Using a malate dehydrogenase isozyme system, it was possible to identify the pollen donor parent in progenies of avocado (Persea americana Mill.) obtained by enclosing 2 cultivars of complementary flower type in a screenhouse with a beehive. The observed percentage of cross-pollination ranged from 7% to 92%. Isozymes are demonstrated to be a practical way of identifying hybrids.
Outcrossing rate in a solid block of ‘Hass’ avocado (Persea americana Mill) was determined using the isozyme systems of malate dehydrogenase (MDH) (EC 188.8.131.52), leucine aminopeptidase (LAP) (EC 184.108.40.206), and triosephosphate isomerase (TPI) (EC 220.127.116.11), for which evidence concerning the genetic control of the latter is presented. Almost all ‘Hass’ mature fruits were found to have resulted from cross-pollination. Among the potential pollen donors—‘Hass’, ‘Ettinger’, and ‘Reed’—‘Ettinger’ excelled, producing almost all of the hybrid fruits.
Pollination of lychee (Litchi chinensis Sonn.) by the honeybee was studied in Israel's two commercial cultivars, `Mauritius' and `Floridian'. Pollination rate, which was determined in a mixed `Mauritius' and `Floridian' plot, followed a consistent pattern: it was low at the first male (M,) `Mauritius' bloom and reached a high value only when the pseudohermaphroditic (M2) `Mauritius' bloom started. Pollen density on bees collected from `Mauritius' inflorescences was very low during the M, bloom and increased to very high values during the M2 bloom. These results indicate that the `Mauritius' M, bloom does not play an important role as a source of pollen for pollination. Pronounced, significant, and consistent differences in nectar volume per flower and sugar concentration in the nectar were found between M1, M2, and female (F) `Mauritius' flowers. Values were very high in F flowers, medium in M2 flowers, and low in M, flowers. Accordingly, the density of bees found on inflorescences was high during the F bloom, intermediate during the M2 bloom, and low during the M1 bloom. The positive correlation between bee density and sugar concentration in the nectar was highly significant for M2 and F `Mauritius' flowers. The nectar contained three sugars: glucose (43%), fructose (39%), and sucrose (18 %). This ratio was the same in nectar from M1, M2, and F `Mauritius' flowers.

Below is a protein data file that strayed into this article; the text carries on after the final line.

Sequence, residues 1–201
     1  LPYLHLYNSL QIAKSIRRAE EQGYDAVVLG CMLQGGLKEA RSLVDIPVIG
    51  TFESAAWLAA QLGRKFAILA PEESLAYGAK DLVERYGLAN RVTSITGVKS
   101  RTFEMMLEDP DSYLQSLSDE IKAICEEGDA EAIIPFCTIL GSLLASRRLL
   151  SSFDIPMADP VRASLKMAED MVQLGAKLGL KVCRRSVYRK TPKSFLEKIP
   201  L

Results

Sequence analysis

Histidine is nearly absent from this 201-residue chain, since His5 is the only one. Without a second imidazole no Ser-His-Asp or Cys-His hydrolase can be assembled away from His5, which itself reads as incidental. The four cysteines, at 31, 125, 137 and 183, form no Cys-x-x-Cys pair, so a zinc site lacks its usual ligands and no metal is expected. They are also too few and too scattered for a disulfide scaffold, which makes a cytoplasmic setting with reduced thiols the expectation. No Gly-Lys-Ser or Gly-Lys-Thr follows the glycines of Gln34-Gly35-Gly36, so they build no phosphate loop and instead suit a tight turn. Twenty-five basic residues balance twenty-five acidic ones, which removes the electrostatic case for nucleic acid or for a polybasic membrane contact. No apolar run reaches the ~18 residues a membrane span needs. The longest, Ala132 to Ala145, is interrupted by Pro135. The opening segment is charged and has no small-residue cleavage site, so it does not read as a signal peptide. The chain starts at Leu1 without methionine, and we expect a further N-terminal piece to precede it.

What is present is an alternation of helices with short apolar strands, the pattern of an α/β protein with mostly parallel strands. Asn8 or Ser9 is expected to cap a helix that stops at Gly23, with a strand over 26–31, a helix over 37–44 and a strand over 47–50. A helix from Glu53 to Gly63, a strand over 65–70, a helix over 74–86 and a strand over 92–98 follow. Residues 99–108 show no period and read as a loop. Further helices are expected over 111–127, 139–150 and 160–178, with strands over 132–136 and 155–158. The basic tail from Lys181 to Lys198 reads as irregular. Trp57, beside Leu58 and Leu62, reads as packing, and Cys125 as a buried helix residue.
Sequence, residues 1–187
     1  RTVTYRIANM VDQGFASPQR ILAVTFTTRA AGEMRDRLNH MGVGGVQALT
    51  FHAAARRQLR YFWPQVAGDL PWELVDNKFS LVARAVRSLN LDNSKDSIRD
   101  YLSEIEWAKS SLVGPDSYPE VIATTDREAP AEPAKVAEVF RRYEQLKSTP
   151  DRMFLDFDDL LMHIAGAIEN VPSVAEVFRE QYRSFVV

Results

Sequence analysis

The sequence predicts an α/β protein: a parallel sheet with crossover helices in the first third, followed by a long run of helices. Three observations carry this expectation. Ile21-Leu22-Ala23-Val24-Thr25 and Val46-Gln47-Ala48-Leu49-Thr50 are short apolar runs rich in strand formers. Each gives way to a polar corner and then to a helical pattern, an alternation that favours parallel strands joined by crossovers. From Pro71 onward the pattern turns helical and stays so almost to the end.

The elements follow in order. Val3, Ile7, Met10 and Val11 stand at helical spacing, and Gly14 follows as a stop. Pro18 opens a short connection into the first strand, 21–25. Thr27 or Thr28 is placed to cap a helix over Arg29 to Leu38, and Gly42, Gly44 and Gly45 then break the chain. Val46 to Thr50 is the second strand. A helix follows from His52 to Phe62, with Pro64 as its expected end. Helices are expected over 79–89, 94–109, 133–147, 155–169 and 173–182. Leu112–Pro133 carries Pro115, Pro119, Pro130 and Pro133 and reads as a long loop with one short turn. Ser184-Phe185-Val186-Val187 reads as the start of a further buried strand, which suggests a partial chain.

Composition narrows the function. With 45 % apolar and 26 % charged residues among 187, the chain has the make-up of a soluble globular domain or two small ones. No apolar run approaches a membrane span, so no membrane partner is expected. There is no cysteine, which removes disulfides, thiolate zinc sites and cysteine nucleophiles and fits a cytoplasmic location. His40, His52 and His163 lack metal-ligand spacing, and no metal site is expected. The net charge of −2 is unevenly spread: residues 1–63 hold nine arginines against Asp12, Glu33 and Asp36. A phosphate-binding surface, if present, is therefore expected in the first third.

The lychee (Litchi chinensis Sonn.) has two types of pollen-releasing flowers—M1 and M2. We compared the morphology and viability of these two pollen types, mainly for the two commercial cultivars in Israel: `Mauritius' and `Floridian'. Observation by scanning electron microscope did not reveal any consistent morphological differences between the two pollen types. However, M2 pollen was found to have a consistent and significant advantage over M1 pollen in in vitro germination tests. M2 pollen from `Mauritius', `Floridian', `No Mai Chee', `Wai Chee', and `Early Large Red' had a much higher germination rate at 15, 20, 25, 30, and 35 °C than M1 pollen from those same cultivars. The optimal incubation temperature for in vitro pollen germination was 30 °C for M2 pollen of all five cultivars studied; adequate germination rates were also found at 35 and 25 °C. The optimal temperature for M1 pollen germination was also 30 °C for `Mauritius' and `No Mai Chee', but was not well defined for the other three cultivars. No pronounced advantage of M2 pollen-tube growth could be discerned 48 h after hand pollination. However, final fruit set was consistently and significantly higher after hand pollination with M2 pollen, relative to M1 pollen. Hot (32/27 °C) and warm (27/22 °C) regimes during flower development had a pronounced detrimental effect on pollen viability compared to a cool (22/17 °C) regime. `Floridian' was much more susceptible than `Mauritius' in this respect.